The “Greek drama” is over – or at least at an intermission. But for investors, the dire headlines generated by the country’s financial crisis provided a stiff test of self-discipline.

First, a recap: Earlier this week, Greece and its Eurozone creditors tentatively agreed on a last-minute bailout package that could stave off economic collapse in the debt-plagued country of 11 million.

Stock markets around the world rallied after the news ‒ but just days earlier, the Dow Jones Industrial Average plunged 350 points on fears that Greece would crash out of the euro and send shockwaves through Europe.

That’s the kind of market volatility that can scare investors to the sidelines. And you can be sure that plenty of investors did indeed exit the market during the days and weeks that the drama unfolded.

That’s why Greece was a test. As we’ve written before, the key to investing success is to buy good companies and hold them for a long time. But investors are human, and we humans are hard-wired to herd together and flee from trouble.

Our emotional wiring leads us to make behavioral mistakes in our investing. The big daddy of emotion-driven mistakes is jumping in and out of the market based on fear and greed. Letting headline news drive your investment process and investing behavior is a recipe for confusion and mistakes because future news events are unpredictable and no one can consistently guess how markets will rise or fall in response. Too often, headline-driven investors end up selling low and buying high, losing money unnecessarily and moving themselves further away from their goals and objectives.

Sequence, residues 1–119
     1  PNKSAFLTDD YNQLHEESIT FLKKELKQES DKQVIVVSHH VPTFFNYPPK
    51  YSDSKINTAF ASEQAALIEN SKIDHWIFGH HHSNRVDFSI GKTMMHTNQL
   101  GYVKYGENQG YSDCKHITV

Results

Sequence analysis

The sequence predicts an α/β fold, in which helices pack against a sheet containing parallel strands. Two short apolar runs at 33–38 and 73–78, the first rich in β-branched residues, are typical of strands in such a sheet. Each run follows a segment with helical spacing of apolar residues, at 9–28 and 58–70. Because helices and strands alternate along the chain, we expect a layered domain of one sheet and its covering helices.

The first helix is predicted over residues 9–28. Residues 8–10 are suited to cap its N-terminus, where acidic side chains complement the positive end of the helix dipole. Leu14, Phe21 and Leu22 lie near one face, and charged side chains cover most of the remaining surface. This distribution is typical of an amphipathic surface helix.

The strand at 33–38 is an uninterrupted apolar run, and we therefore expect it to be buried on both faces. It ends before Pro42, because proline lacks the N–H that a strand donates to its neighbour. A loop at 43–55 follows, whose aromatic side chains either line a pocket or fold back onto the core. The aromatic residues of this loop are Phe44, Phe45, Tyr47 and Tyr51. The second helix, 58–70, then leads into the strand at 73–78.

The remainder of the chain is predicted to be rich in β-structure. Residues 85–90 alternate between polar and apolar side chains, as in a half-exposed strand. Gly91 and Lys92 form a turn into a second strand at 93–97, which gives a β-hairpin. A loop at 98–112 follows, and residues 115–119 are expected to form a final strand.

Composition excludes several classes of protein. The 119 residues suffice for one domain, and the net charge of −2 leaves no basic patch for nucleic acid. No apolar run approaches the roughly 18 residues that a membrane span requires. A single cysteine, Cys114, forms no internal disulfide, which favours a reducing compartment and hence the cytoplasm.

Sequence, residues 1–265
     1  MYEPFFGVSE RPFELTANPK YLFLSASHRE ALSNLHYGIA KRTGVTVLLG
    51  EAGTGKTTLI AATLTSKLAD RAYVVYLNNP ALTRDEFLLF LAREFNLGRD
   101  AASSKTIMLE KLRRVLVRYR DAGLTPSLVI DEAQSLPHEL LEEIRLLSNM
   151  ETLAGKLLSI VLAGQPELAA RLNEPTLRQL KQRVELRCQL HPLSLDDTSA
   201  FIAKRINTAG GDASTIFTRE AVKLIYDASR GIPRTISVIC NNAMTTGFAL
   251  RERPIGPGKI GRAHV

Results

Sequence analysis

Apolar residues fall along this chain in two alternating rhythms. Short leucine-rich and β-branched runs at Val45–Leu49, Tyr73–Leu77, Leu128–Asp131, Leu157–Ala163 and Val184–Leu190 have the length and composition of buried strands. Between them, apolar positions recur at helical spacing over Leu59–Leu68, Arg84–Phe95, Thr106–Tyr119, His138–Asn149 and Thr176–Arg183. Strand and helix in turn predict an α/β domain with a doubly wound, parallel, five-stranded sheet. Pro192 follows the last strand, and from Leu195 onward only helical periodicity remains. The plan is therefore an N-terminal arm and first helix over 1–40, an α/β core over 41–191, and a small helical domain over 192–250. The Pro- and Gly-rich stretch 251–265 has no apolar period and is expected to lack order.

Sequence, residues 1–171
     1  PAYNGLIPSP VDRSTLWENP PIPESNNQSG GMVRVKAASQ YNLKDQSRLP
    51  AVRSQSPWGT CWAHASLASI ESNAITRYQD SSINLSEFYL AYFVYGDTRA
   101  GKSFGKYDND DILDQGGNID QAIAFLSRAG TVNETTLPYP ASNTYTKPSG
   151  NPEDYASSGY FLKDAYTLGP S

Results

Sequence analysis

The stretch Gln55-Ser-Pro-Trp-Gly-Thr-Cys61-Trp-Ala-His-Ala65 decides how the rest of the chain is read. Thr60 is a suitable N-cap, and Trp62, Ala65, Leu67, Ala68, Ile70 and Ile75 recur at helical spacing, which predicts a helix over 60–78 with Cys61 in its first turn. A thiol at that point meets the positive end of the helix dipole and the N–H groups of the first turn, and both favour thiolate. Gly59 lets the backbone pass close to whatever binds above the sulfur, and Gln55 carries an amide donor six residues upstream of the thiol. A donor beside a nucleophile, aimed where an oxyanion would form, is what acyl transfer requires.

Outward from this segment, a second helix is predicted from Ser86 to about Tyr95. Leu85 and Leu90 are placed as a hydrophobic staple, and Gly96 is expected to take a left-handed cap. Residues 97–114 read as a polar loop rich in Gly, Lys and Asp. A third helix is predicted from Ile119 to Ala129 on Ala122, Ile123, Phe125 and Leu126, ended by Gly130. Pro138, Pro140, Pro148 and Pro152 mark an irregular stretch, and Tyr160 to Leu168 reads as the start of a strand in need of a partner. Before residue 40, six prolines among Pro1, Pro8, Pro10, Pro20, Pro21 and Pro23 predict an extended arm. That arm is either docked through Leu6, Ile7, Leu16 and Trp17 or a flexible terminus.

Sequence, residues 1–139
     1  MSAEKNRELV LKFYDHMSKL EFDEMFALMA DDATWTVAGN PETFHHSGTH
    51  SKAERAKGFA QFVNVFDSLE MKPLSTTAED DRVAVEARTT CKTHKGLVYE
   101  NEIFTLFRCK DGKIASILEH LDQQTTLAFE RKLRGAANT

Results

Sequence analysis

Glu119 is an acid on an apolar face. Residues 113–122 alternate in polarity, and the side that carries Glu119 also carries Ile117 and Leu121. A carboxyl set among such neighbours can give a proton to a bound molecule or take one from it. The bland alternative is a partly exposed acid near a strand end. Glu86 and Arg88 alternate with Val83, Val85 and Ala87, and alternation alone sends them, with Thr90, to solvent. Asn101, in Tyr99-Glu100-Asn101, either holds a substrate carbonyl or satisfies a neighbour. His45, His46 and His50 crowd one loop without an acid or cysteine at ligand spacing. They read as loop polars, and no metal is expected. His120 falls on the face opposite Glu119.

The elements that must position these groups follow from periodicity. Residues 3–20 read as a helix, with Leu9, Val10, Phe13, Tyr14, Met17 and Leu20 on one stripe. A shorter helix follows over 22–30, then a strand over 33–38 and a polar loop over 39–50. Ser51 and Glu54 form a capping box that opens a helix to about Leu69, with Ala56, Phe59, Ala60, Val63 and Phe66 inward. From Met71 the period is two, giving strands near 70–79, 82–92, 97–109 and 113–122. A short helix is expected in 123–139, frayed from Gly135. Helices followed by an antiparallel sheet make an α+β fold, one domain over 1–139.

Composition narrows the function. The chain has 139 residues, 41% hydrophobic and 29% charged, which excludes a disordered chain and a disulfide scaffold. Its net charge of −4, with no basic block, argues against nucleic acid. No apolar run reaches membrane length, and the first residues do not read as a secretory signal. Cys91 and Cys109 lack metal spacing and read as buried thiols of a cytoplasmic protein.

Such behavioral mistakes help explain the “performance gap” between the returns markets offer and those achieved by the average investor. As we noted back in June, the average investor underperformed the average mutual fund by 2.49% over the 10 years through 2013, according to Morningstar.

The Greek crisis, then, was a test. For those with diversified, long-term portfolios, the way to pass was simple: Do nothing. Indeed, through the countless market “crises” over the years, history shows that the safest, most profitable thing to do is usually to stay on a well-mapped course.

Remember, the key to building wealth for the long term is time in the market ‒ not timing the market.

Granted, staying calm is not always easy. The modern, wired world is filled with emotional triggers that lead investors off of the straight and narrow. And no trigger is more potent than the headlines predicting disaster.

The trick is to focus on long-term goals and strategy rather than short-term headlines. And that’s where documenting your investment process and guidelines helps. Referring to a document that provides a clear investment philosophy and process over full market cycles, not fleeting crises, helps keep you from making knee-jerk reactions that you’ll later find to be regrettable.

You can be sure that the latest Greek drama won’t be the last time that headlines roil the markets. Rising U.S. interest rates, China’s slowing economy, even another crisis in Greece ‒ any and all of these could be catalysts for fear-based selling in the coming months. But the wisest reaction will not be to race for the exits. If you would like help developing a long-term investment process and support to help you remain focused on your long-term goals, we may be able to help. At Intelligent Capitalworks, that’s just part of what we do.